WHY? Great reviews for this 2020 title. An engaging adventure tale presented with colourful illustrations by award-winning illustrator Dan Santat.  If you could push a button that could take you on any adventure, where might you choose to go and what would happen if you had the chance to ‘lift off’.

THE MAP OF GOOD MEMORIES by Fran Nuno; illus. Zuzanna Celej (2016)

A young girl is sad to be leaving the city which she has always lived in. To say farewell, she visits the places that have provided her with happy memories.

WHY?: A book that inspires readers to think about the special people and places and daily pleasures and perhaps create their own memory maps.

FAIRY SCIENCE by Ashley Spires (2019)

Fairies use magic wands and potions, but Esther likes facts and evidence. A tree in the forest is wilting and the fairies want to make magic talismans and do a mystical moonlight danced. Esther knows that only research, making a hypothesis and trying experiments will save the day.

WHY?: I’m fond of nonfiction picture books where information is inherent within narrative text.   Hooray for stories of magics. Bravo to a picture book that celebrates and promotes the power of science!


WE ARE WATER PROTECTORS by Carole Lindstrom; illus. Michaela Goade (2020)

This picture book is worthy of the awards it will/should receive. A rally cry to save the Earth’s water from harm and corruption (i.e. the harm of the evil black snake). “This is not a Native American issue; this is a humanitarian issue. It is time that we all become stewards of our planet so we can protect it for our children and our children’s children./ Water affects and connects us all. We must fight to protect it.” Carole Lindstrom

WHY?: Inspired by Indigenous movements to defend the sacred resource. A strong companion piece to award-winning The Water Walker by Canadian Ojibwe author.  Lush jewel-coloured illustrations provide an art-gallery of visuals. Bonus: Appendix essay /More on Water Protectors. Bonus (final page) An Earth Steward and Water Protector Pledge (“I will do my best to honor Mother Earth and all its living beings, including the water and land. I will always remember to treat the Earth as I would like to be treated.”)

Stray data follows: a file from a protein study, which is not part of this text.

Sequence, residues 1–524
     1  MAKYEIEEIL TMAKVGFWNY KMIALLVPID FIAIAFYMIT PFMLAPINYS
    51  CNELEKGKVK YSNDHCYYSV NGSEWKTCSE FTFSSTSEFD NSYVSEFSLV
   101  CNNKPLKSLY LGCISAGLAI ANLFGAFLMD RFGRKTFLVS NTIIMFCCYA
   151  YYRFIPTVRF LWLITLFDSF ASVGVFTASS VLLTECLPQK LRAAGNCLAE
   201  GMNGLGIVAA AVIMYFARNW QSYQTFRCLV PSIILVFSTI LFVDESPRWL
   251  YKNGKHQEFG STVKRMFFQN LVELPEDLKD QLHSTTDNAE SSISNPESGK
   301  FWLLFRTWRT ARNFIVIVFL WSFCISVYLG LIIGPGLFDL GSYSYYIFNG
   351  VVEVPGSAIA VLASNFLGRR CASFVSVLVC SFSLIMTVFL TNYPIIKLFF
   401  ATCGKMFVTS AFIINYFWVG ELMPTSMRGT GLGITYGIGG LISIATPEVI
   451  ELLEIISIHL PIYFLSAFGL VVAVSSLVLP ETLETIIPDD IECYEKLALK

We stand

With our songs

And our drums.

We are still here.




The 12 Canadian titles listed below represent the wide range of topics and styles that both inform and entertain.  Most of these titles appear in picture book format and can be shared with as read alouds in the classroom, or offered to students as independent titles to engage with.


ALIS THE AVIATOR: An ABC Aviation Adventure by Danielle Metcalf-Chenail; illus Kalpna Patel (PB)

Alia Kennedy was one of the first Indigenous female  commercial pilots in Canada. Alis guides readers into the world of aviation through 26 words that illuminate the world of flight. The alphabetical rhyming couplet format efficiently provides noteworthy vocabulary and explanations (C is for Chimpmunk, a small and nimble plane; D is for Dakota, a northern weather vane).  The colourful, three-dimensional cut-paper illustrations add information through simple depiction of aircraft.  The glossary of terms and biography of Dr. Alis Kennedy are a bonus feature. That this book is celebrated through female characters is an extra-special bonus.  A perfect nonfiction picture book.

CELLS: An Owners Handbook by Carolyn Fisher (PB)

An efficient, appealing way to present facts about cells. This picture book answers questions: What are cells? Where are they? What do they do? A artistic way to present information with loud colourful spreads and varied fonts.

IT BEGAN WITH A PAGE: How Gyo Fujikawa Drew the Way by Kyo Maclear; illus Julie Morstad (PB)